Our quick look around the NBA, or what you missed while getting a tattoo of that selfie you took…
Paul George, Indiana Pacers. He is the reason the Indiana Pacers came from 19 points down to win. Check out his second half stat line: 28 points on 7-of-10 shooting (6-of-8 from three), 8 rebounds, and 2 steals. He finished with 39 points for the game. Early in the season we were all talking about George being in that elite 10 (give or take) players in the NBA who can lead a team to a title. Not sure the Pacers are going that far, but George looked like that guy again.
Darren Collison, Los Angeles Clippers. For three quarters the Clippers were mostly jump shooters — they were not getting easy buckets, they were not getting to the rim. Then in the fourth quarter Doc Rivers made a desperation move — go small, put Chris Paul on Kevin Durant and Collison on
Russell Westbrook, which frustrated the Thunder offense (see the next entry). When they got frustrated, they didn’t protect the rim as well and Collison took advantage — he had 12 fourth quarter points and hit 3-of-4 shots at the rim. Collison was part of the double teams on Durant that had some success. He simply out-played his former teammate Westbrook in the fourth and that is a key reason the Clippers came back and won.
Oklahoma City’s fourth quarter. It wasn’t Chris Paul’s amazing defense on Kevin Durant that turned this game around (Durant was 4-of-5 for 10 points in the quarter), it was how Oklahoma City responded as a team to that desperation move by Doc Rivers that doomed them. Oklahoma City rightfully thought Durant should be able to post up CP3 and so they tried to isolate that — and the other motions of their offense ground to a halt. The Thunder went away from what worked to become singularly focused. The Thunder spent the fourth quarter trying to get deep into the shot clock and go with isolation plays, and that is what the Clippers were able to defend. The Clippers doubled, the Thunder missed on opportunities — then the Thunder let their frustrations cary over to the defense end. The Clippers scored lm That was the bigger problem, the Clippers got 14 shots in the restricted area in the fourth quarter alone, another two inside 8 feet. The Clippers are too athletic, too good to let them waltz into the lane. Those are correctable problems for the Thunder, ones more about mindset and poise than skill.
PHOENIX (AP) — The City Council has postponed a vote on a proposed $230 million renovation of the Talking Stick Resort Arena that would keep the Suns in downtown Phoenix.
The council agreed unanimously Wednesday to postpone a decision until Jan. 23 so residents can attend five public meetings to be held around Phoenix to discuss the project.
Suns owner Robert Sarver reportedly threatened to move the franchise to Seattle or Las Vegas if not given enough public funding.
Suns President and CEO Jason Rowley says the organization looks forward to the public discussions and to answering any questions about the proposed renovation.
The deal would revamp the nearly 30-year-old arena, the oldest in the NBA that is not currently being renovated.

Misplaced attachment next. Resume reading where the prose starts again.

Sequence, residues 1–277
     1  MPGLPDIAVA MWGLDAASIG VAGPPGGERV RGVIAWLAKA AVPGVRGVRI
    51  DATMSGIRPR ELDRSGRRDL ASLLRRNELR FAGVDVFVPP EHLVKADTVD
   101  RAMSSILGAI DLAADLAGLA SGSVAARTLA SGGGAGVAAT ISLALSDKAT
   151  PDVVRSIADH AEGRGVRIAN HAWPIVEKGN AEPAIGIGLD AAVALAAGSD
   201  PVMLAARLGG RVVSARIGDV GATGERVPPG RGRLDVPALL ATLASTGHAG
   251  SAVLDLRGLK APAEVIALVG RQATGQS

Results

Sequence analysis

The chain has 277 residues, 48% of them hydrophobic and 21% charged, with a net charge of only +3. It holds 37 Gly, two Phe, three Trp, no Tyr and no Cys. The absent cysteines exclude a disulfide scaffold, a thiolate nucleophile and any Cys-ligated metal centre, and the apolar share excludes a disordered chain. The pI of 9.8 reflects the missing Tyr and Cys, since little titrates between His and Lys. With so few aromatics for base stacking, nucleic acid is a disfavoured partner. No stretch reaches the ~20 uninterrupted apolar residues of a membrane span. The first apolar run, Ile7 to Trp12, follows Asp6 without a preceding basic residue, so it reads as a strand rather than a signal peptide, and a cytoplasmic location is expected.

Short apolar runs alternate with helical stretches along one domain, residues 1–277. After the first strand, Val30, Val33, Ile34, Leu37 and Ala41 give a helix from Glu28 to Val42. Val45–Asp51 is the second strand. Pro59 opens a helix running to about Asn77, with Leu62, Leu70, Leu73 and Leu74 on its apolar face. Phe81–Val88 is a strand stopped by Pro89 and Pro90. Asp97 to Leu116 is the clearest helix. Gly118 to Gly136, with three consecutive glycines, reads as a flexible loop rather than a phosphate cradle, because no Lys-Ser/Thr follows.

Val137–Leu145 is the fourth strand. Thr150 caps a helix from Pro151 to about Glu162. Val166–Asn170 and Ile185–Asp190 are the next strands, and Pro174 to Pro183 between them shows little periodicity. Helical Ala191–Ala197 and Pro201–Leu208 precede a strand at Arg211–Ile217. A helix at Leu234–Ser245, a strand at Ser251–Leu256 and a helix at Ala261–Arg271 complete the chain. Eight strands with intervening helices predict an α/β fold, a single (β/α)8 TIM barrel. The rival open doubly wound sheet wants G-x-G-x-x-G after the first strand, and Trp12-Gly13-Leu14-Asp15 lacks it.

The Suns agreed to a 40-year lease in 1992, but the deal included a provision for the team to opt out at 30 years.
Crunch time of a close NBA game is awesome.
It’s exponentially better when nobody calls timeout.
The Celtics and Wizards finished with a flourish tonight, Boston coming out ahead in a frenetic final minute. The last minute included two Kyrie Irving 3-pointers (one tightly contested, one extremely deep) and a sharp drive by John Wall (who had just returned to the game from an injury).
After a flow-killing foul in the final few seconds, the Celtics won, 130-25.
More games should be like this.
The Hornets sure were excited for Jeremy Lamb‘s game-winner against the Pistons tonight.
After Lamb hit a jumper to put Charlotte up two with 0.3 seconds left, several Hornets ran onto the court. Bismack Biyombo was nearly at halfcourt as Detroit tried to inbound! He was so far onto the court, I’m not even sure officials noticed him when dinging Malik Monk – closer to the bench –for the violation.
The Pistons made a technical free throw to cut their deficit to one, but they still had to inbound from under their own basket. Their desperation pass was intercepted, and Charlotte held on for a 108-107 win.
Several Hornets were certainly relieved.
Crazily enough, this isn’t the first time we’ve seen this.
Everyone on the Suns seems frustrated.
In Phoenix’s loss to the Clippers on Monday, T.J. Warren got ejected. And his outburst will cost him extra.
Phoenix Suns forward T.J. Warren has been fined $15,000 for directing inappropriate language toward a game official following his ejection, it was announced today by Kiki VanDeWeghe, Executive Vice President, Basketball Operations.
This wasn’t a lengthy exchange. Warren didn’t linger on the court complaining. He must have said something extremely harsh to warrant two technical fouls and a fine that quickly.
(Despite confusion, the foul preceding the ejection was called on Deandre Ayton, not Warren.)